Cooking Meat to Freeze for Later


I know that picture has nothing to do with meat or cooking, but it does show what freezing looks like 🙂  That was our Mickey head antenna topper last year during the ice storm.

The forecast is for snow here.  I’m writing this post a few days early, so by the time you read this we could have several inches of snow.  My kids have their fingers crossed!

Now, onto cooking.  One of the questions I get asked often is how I cook meat for freezing.  I use a lot of chicken and I like to cook it up and keep it in the freezer for casseroles and soups.  It really speeds things up when I pull fully cooked chicken from the freezer.

Here’s how I do mine.  I usually cook boneless chicken breasts that come frozen in large bags.  I’m in the habit of buying those, so that’s what I use.  I put the chicken, still frozen in a casserole dish, cover it tightly with foil and bake at 350 degrees for 1 1/2 – 2 hours.  Sometimes I put a little water on the chicken before covering it with foil.

I do the same thing with chicken that has bones.  Usually, I buy that fresh and cook it right away instead of freezing it first.  You can use a whole chicken or just chicken pieces.

Once it’s cooked, pull it apart with a fork.  Cool it a bit and freeze it in ziplock bags in 2-3 cup quantities.

For ground meat, like hamburger or sausage, I brown it on the stove top.  Rinse it under very hot water to remove the grease.  Freeze in ziplock bags.  Sometimes I brown diced onion with it.

Here are a few great tutorials from around the blogosphere:

Tami’s Tips and Tricks – Cooking a lot of ground beef at once for the freezer

The Happy Housewife – Cooking a whole chicken in the crockpot

This is Reverb – Bacon – cooking, storing, eating and a fantastic salad recipe

Print Friendly, PDF & Email

You Might Also Like:


  1. I do this quite regularly too. If not I find that it takes much longer to get a meal on the table. Good advice and a great habit to get into.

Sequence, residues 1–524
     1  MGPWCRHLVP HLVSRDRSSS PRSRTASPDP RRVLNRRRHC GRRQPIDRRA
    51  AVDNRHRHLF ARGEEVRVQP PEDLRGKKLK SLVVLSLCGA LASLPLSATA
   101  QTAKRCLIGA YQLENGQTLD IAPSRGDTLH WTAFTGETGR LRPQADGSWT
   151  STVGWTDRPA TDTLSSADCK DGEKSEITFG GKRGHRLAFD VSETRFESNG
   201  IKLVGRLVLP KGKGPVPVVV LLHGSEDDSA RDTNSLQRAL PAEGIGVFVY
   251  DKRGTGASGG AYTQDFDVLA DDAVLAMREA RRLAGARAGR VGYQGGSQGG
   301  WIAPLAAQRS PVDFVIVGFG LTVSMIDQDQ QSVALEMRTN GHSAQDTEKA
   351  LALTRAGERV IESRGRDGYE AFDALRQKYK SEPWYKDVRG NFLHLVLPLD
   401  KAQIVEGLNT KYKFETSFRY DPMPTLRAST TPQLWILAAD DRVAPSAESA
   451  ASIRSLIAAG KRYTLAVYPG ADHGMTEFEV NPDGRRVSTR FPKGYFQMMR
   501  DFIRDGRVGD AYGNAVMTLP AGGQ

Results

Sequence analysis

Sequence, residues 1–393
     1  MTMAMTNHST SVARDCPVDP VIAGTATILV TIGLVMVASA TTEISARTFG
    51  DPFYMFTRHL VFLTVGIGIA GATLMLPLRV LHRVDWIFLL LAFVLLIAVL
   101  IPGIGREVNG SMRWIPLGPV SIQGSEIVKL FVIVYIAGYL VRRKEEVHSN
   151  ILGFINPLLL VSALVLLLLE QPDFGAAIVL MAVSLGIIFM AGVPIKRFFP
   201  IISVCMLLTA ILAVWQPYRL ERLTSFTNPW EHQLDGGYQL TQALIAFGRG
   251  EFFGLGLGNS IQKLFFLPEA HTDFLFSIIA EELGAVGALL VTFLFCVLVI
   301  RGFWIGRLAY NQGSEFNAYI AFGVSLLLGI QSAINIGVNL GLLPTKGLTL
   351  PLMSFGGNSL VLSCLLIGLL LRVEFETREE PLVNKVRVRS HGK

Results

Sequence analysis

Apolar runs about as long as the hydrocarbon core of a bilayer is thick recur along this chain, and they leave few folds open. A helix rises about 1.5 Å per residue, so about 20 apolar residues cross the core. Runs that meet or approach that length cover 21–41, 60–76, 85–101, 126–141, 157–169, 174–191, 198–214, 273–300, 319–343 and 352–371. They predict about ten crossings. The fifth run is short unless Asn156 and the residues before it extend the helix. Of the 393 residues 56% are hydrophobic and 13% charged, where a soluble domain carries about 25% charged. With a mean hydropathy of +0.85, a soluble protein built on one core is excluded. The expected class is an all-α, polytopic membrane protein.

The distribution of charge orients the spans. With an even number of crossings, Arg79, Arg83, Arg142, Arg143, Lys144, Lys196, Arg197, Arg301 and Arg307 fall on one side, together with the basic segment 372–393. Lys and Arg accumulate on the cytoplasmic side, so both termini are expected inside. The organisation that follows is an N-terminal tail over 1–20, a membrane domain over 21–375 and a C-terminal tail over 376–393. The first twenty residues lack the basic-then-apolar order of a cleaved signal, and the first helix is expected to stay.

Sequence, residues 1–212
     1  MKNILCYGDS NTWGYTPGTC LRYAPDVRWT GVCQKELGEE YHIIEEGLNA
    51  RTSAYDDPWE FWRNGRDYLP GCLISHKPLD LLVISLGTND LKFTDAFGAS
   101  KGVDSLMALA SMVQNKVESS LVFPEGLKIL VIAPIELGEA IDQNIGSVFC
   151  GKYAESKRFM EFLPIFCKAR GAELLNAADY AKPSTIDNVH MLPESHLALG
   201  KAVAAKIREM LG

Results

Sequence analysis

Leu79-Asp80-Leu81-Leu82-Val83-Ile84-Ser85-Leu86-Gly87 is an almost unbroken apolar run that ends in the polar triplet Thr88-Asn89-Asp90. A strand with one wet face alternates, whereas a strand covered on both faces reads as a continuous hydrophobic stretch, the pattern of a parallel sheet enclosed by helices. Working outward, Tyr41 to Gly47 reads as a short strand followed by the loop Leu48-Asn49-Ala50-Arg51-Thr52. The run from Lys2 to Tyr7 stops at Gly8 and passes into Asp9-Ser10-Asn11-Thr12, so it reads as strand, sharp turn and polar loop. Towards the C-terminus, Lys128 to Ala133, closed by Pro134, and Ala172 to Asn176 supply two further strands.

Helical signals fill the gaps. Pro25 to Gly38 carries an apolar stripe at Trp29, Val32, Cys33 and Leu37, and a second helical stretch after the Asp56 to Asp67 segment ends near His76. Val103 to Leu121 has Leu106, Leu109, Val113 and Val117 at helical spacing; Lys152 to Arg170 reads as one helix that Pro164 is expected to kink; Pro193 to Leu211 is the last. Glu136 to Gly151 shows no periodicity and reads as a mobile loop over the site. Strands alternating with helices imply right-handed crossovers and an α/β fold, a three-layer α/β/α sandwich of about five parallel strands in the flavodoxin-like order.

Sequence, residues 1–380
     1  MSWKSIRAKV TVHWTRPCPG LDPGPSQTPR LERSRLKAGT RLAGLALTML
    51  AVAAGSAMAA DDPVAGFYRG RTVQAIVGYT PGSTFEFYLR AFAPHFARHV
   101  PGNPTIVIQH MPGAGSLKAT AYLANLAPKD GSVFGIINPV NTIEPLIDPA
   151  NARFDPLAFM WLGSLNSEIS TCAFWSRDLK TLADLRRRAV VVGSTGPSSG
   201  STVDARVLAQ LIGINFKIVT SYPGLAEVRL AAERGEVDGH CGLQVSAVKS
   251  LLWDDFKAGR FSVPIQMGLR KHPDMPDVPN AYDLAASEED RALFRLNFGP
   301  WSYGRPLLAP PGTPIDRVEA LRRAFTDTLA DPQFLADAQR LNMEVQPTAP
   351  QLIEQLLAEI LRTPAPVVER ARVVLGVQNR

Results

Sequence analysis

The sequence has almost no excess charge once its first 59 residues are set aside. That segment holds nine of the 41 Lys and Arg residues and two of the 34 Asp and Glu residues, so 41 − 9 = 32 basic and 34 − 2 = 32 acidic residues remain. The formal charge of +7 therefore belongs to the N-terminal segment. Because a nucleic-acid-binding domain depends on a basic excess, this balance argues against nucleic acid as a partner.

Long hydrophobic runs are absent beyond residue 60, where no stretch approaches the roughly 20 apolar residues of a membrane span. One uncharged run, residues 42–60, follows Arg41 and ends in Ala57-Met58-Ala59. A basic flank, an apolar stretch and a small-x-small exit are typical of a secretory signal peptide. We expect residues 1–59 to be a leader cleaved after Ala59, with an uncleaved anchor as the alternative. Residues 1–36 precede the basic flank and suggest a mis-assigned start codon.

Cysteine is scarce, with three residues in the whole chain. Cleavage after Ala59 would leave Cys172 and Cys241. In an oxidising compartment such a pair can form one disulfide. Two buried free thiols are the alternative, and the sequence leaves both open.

2. My favorite thing that I have learned here is your method of cooking chicken. I had tried poaching and baking it uncovered, but it came out dry or tough. I like to add water and season the chicken with salt and pepper. Thanks!!

  3. I find that freezing cooked chicken makes it come out tough, chewey and not very flavorable so I have stuck to ground meat only. Do you find this or am I doing it wrong??

    • Bobbie, I haven’t had a problem with it being tough or chewy. The flavor is better if you cook chicken with bones, but it works fine for boneless too. Probably because it always goes into a soup or casserole.

  4. I cook my chicken breasts in the crockpot, then shred and freeze. I usually don’t precook my ground beef because I like making meatloaf/balls sometimes, so I just separate it into 1 pound chunks and put them in individual freezer bags and flatten it out, for easy storing and quick thawing overnight in the fridge.

  5. I too love to cook a whole chicken in the crockpot all day long (just salt, pepper, garlic and any other seasonings you like on the chicken, then cover in water). Then debone and shred with a fork, like you said, and bag it up for the freezer in individual zippy bags. It is such a lifesaver. And, the chicken is so tender and moist. Never dry.


  1. […] then use those and you’re all set.   If not, bake up a bunch of chicken all at once.  (See Cooking Meat to Freeze for Later for tips on […]

  2. […] stashed away in your freezer, you’re only minutes away from having this dish oven-ready.  (See this post for tips on cooking and freezing chicken.)  Using left-over or instant mashed potatoes speeds things up even […]

  3. […] I’ve got just a couple of notes about this week’s menu.  First, you’ll need to have some cooked chicken on hand for the Chicken Shepherd’s Pie.  Considering buying and cooking more than you need so you’ll have some to stash away in the freezer.  (See Cooking Meat to Freeze for Later.) […]

  4. […] freezer stocked with cooked chicken and hamburger helps speed dinner to the […]

Speak Your Mind

This site uses Akismet to reduce spam. Learn how your comment data is processed.